Continuing with the above metaphor, if you are on a salicylate-free diet, a piece of fruit alone might not trigger a reaction, but a small amount of juice could since it is more concentrated. Essential oils and fruit extracts are concentrated even further.

Salicylate-free ingredients in skincare

Generally, oils from seeds and butters do not contain salicylates or are extremely low in salicylates. Waxes are also usually free from salicylates. Look for ingredients like:

Hemp oil in a glass jar and hemp seeds

Moisturisers for salicylate sensitive skin

Moisturisation makes a huge difference when you have dry, flaky, itchy, scaly skin that comes with an intolerance to salicylates. Being able to lock that moisture in reduces the itchiness and risk of skin breakage that can make salicylate sensitivity even less tolerable.

Zero Tolerance Cream All Over Moisturiser

At Arianrhod Aromatics, Iamme specifically developed the Zero Tolerance Cream for people who have extremely sensitive skin and who cannot tolerate salicylates or essential oils.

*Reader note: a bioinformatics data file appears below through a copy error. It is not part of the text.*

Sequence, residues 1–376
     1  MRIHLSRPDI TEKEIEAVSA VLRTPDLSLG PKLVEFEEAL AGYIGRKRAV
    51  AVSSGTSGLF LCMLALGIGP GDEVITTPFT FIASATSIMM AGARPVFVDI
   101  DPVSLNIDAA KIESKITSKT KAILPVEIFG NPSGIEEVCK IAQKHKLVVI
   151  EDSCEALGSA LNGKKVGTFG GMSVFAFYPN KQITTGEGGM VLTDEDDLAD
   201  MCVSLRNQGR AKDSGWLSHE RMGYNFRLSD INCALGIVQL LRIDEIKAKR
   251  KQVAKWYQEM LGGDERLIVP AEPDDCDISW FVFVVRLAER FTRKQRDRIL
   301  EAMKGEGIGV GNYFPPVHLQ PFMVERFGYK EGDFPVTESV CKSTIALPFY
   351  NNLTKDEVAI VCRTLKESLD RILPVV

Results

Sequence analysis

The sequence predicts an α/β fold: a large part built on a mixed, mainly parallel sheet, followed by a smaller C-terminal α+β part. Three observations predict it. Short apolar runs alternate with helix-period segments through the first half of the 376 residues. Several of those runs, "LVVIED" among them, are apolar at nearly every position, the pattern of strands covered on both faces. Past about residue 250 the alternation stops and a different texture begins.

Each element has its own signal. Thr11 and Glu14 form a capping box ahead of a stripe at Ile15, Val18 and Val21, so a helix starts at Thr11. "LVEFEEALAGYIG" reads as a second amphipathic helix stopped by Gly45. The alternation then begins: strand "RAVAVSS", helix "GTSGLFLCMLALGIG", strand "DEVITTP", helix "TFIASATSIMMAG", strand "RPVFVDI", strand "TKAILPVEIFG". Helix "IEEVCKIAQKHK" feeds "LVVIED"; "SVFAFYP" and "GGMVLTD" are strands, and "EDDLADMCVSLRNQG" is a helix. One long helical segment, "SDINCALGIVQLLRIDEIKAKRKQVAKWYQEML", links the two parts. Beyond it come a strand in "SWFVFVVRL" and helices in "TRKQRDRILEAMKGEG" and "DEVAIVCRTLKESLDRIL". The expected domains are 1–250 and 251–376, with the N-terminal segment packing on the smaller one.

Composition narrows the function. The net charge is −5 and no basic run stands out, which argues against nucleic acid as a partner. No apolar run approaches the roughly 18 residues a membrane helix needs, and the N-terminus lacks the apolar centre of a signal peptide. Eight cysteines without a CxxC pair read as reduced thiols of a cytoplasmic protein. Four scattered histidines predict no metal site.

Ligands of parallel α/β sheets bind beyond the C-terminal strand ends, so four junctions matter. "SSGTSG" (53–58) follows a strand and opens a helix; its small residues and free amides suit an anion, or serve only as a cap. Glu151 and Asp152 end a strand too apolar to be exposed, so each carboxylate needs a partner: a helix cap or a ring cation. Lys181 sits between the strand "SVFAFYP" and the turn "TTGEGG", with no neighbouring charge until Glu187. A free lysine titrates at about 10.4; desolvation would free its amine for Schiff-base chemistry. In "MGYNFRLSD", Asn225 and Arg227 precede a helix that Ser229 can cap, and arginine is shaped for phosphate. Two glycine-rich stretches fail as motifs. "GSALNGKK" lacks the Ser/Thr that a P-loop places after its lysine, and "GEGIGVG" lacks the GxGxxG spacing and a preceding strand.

Zero Tolerance Cream is a 100% natural primary moisturiser intended to provide hydration all over the body without any fragrances or other ingredients that may cause irritation. The base ingredients of Zero Tolerance Cream are cocoa butter, cupuaçu butter and rice bran oil, all of which are salicylate-free and will help soothe your irritated skin. Combined with a touch of silk amino acids to lock in the moisture and Zero Tolerance Cream will keep your skin hydrated and itch-free.

Here’s what one of our customers has said about Zero Tolerance Cream:

“Always a winner. I have been buying this for years & now buy for my daughter & sister who love it too.”

Hemp Cream All Over Moisturiser

A second choice from the Arianrhod Aromatics range is Hemp Cream. As the name suggests, Hemp Cream is based on hemp flower oil combined with rice bran oil and silk amino acids to provide a nutrient-rich moisturiser for use all over your body that is both salicylate-free and histamine-free.

Arianrhod Aromatics Hemp Cream was developed to be an alternative to Zero Tolerance Cream for customers who are looking for the benefits of a completely natural hemp-based moisturiser. Hemp has been used throughout the ages in skincare routines as it is an excellent skin rejuvenator with healing properties that are second to none.

If your skin is already suffering from severe salicylate sensitivity dryness and irritation, Hemp Cream is the best choice to help your skin heal. Our customers rave about how effective our Hemp Cream is, here’s what Tanya told us: